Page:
Though the Me worked allright, I had reasons to install 2K and consequently added a 64 Mb stick to the thingy.

Then the geniuses at MS had a better thought, since hardware was getting cheaper, instead of adding security/stability coming from the NT "branch" to the "DOS branch", they decided to add playful looks to 2K and force it to BOTH the 9x/Me users and to the 2K users.

For the new users, XP was nice, for the old time NT/2K users it was an abomination of unneeded eye-candy wich brought no advantages, for the old time 9x/Me users it was an abomination of complexity and of things they liked (games, mainly) not working anymore.....

But it was a success (for MS, mainly because they re-merged together - at the customer expense - two developing branches) and still, though being (as I see it ) a bettered Win2K, only worse ;), XP has been a good OS, a lot of people have become used to it, and this is why Vista :ph34r: was a shock to them.

Now that things have setled down and people is more or less happy about Windows 7 and relative apps (someone has even the courage to say that the "ribbon" is not that bad after all), here comes MS and with the same arrogance and prevarication they had with the Me (unneededly removing the DOS) they are now unneededly removing the "classic" interface replacing it with the NCI .

But obviusly the only thing they are doing (AGAIN) is re-merging two development branches (the desktop and the tablet/phone one) into a single one, (AGAIN) at the expense of the customers.

jaclaz

Edit: corrected a few typos

Edited by jaclaz
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The Houston-born rapper was promoting his debut album, Lace up when he struck nerves in the Microsoft store when his performance escalated and resulted in him jumping onto tables which were filled with laptops and desktops, throwing Microsoft’s promotional signs, and of course giving the middle finger to Microsoft employees.

A dose of their own medicine! After all, MS has kicked the Start Button off the Desktop, trampled on the Start Menu, and given the middle finger to those who object.

--JorgeA

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How does one even make sense of the following two articles ...

Three pre-RTM versions of Windows 8 were released -- the DP, the CP, and the RP. Thus, people interested in checking out the OS could have installed "Windows 8" three different times, bulking up the download numbers. How many totally public pre-RTM versions of Windows 7 were there?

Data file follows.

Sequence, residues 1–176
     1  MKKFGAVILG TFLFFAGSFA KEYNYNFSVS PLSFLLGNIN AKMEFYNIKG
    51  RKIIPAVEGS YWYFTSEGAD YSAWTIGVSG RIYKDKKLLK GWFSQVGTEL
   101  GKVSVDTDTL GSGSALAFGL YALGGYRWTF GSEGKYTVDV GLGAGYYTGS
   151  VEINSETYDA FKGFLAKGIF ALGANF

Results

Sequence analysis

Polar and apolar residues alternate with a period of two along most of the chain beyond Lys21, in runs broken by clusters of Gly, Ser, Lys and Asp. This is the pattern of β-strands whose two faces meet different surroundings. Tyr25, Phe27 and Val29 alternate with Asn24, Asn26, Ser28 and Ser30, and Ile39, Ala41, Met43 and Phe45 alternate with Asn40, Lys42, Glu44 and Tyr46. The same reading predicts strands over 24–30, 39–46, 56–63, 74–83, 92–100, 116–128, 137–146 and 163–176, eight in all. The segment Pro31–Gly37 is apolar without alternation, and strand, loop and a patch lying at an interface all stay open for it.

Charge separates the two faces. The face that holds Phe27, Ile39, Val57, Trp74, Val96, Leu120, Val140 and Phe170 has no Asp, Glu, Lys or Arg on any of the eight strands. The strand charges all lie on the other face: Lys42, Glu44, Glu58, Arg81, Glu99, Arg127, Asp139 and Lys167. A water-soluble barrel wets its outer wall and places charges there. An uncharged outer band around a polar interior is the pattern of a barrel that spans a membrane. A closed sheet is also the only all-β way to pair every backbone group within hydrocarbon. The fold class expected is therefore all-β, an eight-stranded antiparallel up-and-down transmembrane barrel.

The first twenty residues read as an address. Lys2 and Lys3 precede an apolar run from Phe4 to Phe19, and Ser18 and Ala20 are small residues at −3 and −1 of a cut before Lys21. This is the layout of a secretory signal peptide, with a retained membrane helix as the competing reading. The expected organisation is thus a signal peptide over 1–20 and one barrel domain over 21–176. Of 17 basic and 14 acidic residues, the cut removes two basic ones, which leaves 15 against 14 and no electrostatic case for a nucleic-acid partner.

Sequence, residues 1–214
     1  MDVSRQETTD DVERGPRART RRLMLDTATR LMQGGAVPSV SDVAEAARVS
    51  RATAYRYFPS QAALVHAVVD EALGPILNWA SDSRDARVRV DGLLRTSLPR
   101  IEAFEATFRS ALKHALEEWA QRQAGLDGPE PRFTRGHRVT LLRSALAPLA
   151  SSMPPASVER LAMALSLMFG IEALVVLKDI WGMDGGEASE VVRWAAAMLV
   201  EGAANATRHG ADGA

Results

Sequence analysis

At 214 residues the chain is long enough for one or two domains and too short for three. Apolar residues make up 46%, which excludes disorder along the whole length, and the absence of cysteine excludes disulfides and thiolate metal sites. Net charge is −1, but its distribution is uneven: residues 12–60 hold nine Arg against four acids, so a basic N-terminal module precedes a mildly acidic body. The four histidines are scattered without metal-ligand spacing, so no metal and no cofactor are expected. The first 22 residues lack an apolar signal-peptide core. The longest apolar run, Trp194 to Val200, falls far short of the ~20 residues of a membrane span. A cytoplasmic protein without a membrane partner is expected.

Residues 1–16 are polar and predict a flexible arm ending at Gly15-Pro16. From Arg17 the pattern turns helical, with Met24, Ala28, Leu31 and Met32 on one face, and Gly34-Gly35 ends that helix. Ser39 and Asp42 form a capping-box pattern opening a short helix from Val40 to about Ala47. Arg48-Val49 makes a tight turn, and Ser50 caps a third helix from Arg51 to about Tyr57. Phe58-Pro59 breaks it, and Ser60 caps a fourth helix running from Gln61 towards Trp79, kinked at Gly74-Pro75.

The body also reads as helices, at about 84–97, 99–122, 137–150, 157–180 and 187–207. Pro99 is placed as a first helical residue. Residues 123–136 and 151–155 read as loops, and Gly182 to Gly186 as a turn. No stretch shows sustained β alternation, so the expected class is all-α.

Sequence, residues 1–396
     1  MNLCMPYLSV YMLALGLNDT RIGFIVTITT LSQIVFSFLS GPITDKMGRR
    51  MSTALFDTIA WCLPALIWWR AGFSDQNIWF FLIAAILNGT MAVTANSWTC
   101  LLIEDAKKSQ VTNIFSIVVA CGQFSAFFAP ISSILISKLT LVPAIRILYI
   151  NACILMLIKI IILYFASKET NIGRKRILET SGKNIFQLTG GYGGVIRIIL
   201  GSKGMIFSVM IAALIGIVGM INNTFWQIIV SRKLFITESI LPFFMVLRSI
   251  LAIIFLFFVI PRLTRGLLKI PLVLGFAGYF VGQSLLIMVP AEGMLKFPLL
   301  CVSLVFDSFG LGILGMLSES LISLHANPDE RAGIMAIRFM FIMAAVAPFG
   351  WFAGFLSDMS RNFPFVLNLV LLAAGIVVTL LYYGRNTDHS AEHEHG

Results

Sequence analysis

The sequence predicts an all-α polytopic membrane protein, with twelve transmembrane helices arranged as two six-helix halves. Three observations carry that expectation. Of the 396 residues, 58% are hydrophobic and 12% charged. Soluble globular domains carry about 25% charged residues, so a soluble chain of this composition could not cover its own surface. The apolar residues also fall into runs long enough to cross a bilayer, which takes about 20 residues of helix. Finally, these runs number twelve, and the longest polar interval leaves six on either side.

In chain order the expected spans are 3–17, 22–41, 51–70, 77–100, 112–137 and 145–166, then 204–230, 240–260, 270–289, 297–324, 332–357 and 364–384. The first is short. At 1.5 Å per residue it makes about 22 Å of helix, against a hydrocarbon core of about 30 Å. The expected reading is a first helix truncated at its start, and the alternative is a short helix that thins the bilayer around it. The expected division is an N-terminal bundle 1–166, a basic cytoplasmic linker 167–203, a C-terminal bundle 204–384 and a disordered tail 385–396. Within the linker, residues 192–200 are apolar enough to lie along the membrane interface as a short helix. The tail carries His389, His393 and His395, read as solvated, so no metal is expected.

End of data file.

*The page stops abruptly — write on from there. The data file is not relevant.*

The explanation might be that while Win8 betas may have been downloaded more times than Win7 betas, a higher proportion of Win7 than Win8 previewers ended up using the OS regularly, and so that usage shows up in the market share stats. Therefore the whole bit about Win8 being "the most thoroughly tested OS" strikes me as suspect. A lot of people tried it, saw that it s*cks big time, and (unlike Win7) stopped using it.

--JorgeA

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about Win8 being "the most thoroughly tested OS" strikes me as suspect. A lot of people tried it, saw that it s*cks big time, and (unlike Win7) stopped using it.

Also there is BIG difference between "been thoroughly tested", "been thoroughly tested with success" and "been thoroughly tested with success and user satisfaction"..... :whistle:

jaclaz

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If I may, things should be put into historical context.

That was an illuminating analysis, jaclaz -- thank you. And it makes sense.

I never used Win2K or ME. I jumped from Win98 (and FE, at that!!!) all the way to Vista, so my experience with XP is limited and recent. I imagine that the change for me was probably even bigger than for those who went to XP from either ME or 2000.

--JorgeA

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Paul Allen (remember him?) weighs in on Windows 8 with a nuanced, not fanboyish approach. While expressing excitement over Microsoft's new OS, he also voices concerns over a number of aspects of the Win8 UI:

When the PC or tablet initially starts up, you will see the Start screen, which is a view suited nicely for use from a tablet. Strangely, there is no way to set the desktop as your default view (there should be).
(emphasis added -- he really did write that!)
Now that the Start menu is gone, existing Windows users undoubtedly will wonder where to find the power commands: Sleep, Shut down, and Restart.

To find the power commands, display the Charms bar and then select Settings, which includes a Power button.

I found myself wishing that a Power tile was available on the Start screen to make these commands more accessible.

Allen makes other observations which -- if they had been posted by you or me -- would get us tagged as "trolls" or "haters" by the fanboys. His entire post makes for informative reading.

(Article found via Neowin.)

--JorgeA

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I jumped from Win98 (and FE, at that!!!) all the way to Vista

you missed quite alot :P

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I jumped from Win98 (and FE, at that!!!) all the way to Vista

you missed quite alot :P

You're right. :blushing: Up until 2008 I wasn't into computers at all, except strictly as a business tool. I had just the faintest notion of what a USB port was: my Win98 box has two of them and I didn't even know it!! :o I got interested in tech again after 20 years, only when my PC went on the fritz and I had to start learning REAL FAST.

Actually, if it weren't for that old computer acting up on me (turned out it was dust inside...), there's a good chance that I'd still be tooling around the Information Superhighway in that golf cart.

--JorgeA

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Dvorak at PC Magazine ...

Why the "One Experience" Strategy Fails ( PC Magazine 2012-10-02 )

To make such an idea work, you must find common denominators and dumb down the product. The process does not work for specialized products that were developed with a specific vision. Changing the interface changes the vision and changes the way a product works. It may even change the appeal of the product.

Microsoft has done this over the years with good products that it buys and changes. FrontPage, an advanced Web development tool that was far ahead its time, is a prime example. Eventually, Microsoft began to muck with the program to bring it in line its other concepts. In a few short years, people stopped using the thing (as it became unusable) and then Microsoft shuttered the operation. This, to me, epitomizes the problem with a one experience strategy.